- Level 3 interventions focus on more severe behavior areas and engage the school social worker team, clinical counseling and referrals to community agencies.
Improving self-efficacy; and assuring educational stability and support are the foundation for academic wellness for vulnerable youth.
The impact of self-efficacy on learning is significant. Students with high self-efficacy perform better and understand that their efforts can result in better learning. Students with poor self-efficacy see each challenge and setback as evidence that they aren’t learning, and in fact can’t learn, further reducing the likelihood that they will be inclined to engage on the next task assigned. A belief that failure is the outcome leads to resistance to engage in learning, and also leads to inconsistent attendance, chronic absenteeism, changing schools frequently, truancy and dropping out of school.
Improved learning behavior follows an expectation that success is possible, which students must experience with enough frequency that they can believe in their own abilities. Students will engage in difficult, complex, or perceived risky learning if they believe that help is nearby, that there are safety nets to support them, and that they will not be ridiculed if not successful.
There is a direct correlation between the nature of the tasks teachers give students, and students’ self-efficacy and potential academic success. Primary Prevention include the following that take place within each classroom.
- Classroom tasks are engaging and interesting to students.
- Clear introductory information of goals, purposes, and expectations of the unit
- Guided use of techniques on well-defined problems
- Provide an appropriate level of difficulty
- Incorporate choice and social interaction
- Make positive connections with students
- Create high levels of trust between teacher and students, and between students
- Welcome errors as a positive step toward learning
- Group students thoughtfully
- Establish short-term learning goals
- Provide positive feedback
- Elicit feedback from students
- Support students to reach learning targets
- Provide evenhanded responses to classroom situations
- Tasks are differentiated
- Tasks are of appropriate duration
- Include direct instruction of learning tools as they are needed. These include: Vocabulary, Reading comprehension, Organizational patterns, Note-taking, Writing a summary, Math problem analysis, Levels of questioning, Graphic organizers, Time management and task monitoring, Organizing the binder, Studying, Test taking strategies, Using technology as a productivity tool, Finding information.
Level 2: These are strategies to strategically prepare groups of students for success in the upcoming core class unit of instruction. Students revisit missing basic skills instruction only in prior knowledge and remediation of prerequisite skills, that if missing, would create a barrier to the new learning. This strategic approach of preparing for the future while filling in a few critical holes from the past yields strong results. This instruction is organized at a different time than the core class, but is in full alignment with the content and focus of the new instructional unit.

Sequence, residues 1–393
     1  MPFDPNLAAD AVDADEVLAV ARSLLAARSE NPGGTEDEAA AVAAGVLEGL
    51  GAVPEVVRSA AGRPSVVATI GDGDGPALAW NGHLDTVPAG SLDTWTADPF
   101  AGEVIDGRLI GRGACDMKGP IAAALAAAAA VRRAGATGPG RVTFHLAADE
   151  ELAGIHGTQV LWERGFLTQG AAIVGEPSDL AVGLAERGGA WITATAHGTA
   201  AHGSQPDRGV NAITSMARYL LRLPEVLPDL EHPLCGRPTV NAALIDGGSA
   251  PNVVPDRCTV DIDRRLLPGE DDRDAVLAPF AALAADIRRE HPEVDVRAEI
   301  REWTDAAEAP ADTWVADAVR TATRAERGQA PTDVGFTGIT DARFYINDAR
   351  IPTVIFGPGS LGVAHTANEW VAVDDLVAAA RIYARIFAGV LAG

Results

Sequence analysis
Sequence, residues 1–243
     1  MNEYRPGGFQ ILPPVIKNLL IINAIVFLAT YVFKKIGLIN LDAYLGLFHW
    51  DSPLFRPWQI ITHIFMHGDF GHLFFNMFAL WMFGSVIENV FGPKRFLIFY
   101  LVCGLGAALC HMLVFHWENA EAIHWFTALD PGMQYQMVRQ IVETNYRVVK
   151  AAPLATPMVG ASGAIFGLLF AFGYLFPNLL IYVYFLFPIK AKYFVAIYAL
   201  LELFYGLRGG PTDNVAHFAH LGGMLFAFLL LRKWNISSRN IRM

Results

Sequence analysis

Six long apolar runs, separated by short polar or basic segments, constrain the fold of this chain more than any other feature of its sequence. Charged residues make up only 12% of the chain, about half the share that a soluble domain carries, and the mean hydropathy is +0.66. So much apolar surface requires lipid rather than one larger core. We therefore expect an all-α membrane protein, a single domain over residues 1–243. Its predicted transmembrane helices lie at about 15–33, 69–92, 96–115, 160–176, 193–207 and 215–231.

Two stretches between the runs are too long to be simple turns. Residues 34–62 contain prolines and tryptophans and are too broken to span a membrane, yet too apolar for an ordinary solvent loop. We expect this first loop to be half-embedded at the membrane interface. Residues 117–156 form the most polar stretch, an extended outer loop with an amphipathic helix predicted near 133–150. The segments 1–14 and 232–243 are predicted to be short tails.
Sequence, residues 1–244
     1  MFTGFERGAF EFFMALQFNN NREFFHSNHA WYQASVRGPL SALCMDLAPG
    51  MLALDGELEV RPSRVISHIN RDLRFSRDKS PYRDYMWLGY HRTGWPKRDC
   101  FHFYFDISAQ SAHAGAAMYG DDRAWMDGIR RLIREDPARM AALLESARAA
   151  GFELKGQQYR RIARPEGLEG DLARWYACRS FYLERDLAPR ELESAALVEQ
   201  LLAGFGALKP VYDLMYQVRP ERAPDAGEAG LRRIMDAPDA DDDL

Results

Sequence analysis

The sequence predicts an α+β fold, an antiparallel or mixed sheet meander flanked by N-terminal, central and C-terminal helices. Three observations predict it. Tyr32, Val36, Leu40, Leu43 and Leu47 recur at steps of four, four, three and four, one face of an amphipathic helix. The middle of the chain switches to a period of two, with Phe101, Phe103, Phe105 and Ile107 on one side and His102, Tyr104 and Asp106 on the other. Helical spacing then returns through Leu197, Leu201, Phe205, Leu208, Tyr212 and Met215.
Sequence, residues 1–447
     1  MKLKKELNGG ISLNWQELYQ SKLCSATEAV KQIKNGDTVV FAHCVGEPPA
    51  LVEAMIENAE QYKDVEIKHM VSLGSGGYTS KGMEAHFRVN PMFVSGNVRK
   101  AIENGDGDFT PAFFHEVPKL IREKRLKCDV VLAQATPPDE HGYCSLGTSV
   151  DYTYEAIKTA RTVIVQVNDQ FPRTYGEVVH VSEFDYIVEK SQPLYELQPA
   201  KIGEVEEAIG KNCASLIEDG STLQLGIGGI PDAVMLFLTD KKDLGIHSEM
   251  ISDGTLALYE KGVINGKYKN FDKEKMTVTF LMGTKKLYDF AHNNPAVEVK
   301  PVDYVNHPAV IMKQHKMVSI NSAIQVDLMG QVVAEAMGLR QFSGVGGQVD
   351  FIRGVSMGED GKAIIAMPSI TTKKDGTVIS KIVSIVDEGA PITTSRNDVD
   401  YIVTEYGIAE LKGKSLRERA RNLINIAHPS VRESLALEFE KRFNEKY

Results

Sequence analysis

Level 3: Academic Achievement plans specifically developed for individual students. Plans involve teachers, school leadership, special education teachers and others with knowledge of the student’s learning strengths and needs. Information is gathered including classroom observations, conversations with the student and caregivers, to analyze a root cause of the level of academic work being exhibited. Plans are developed and monitored regularly.
The school will periodically review the extent to which it has complied with this policy and the progress toward achieving the goals in the policy. A wellness committee consisting of representatives of the school leadership, teachers, students, parents, food service provider, health professionals or community members will be formed for this review. The committee will review the policy, the actions of the school, and make any recommendations for changes. This process and results will be shared with the Board at a public meeting.
Child Nutrition and WIC reauthorization Act (Title I, section 204), 118 Stat.729
National School Lunch Act; 42 USC 1751 et seq.
Child Nutrition Act of 1966; 42 USC 1771 et seq.
ORC 3313.814; ORC 3313.816; ORC 3313.817
Ohio Community Collaboration Model for School Improvement. Implementation Guide, Version 2. Health and Social Services. 8.1 through 8.20.
Ohio Department of Education. Behavioral Health and Wellness Resources Toolkit. October 2018.
Ohio Department of Education. Student Wellness and Success Funds Guidance. October 2019.
Rollins, Suzy Pepper (2014). Learning in the Fast Lane: 8 ways to put All students on the road to academic success. Alexandria VA. ASCD.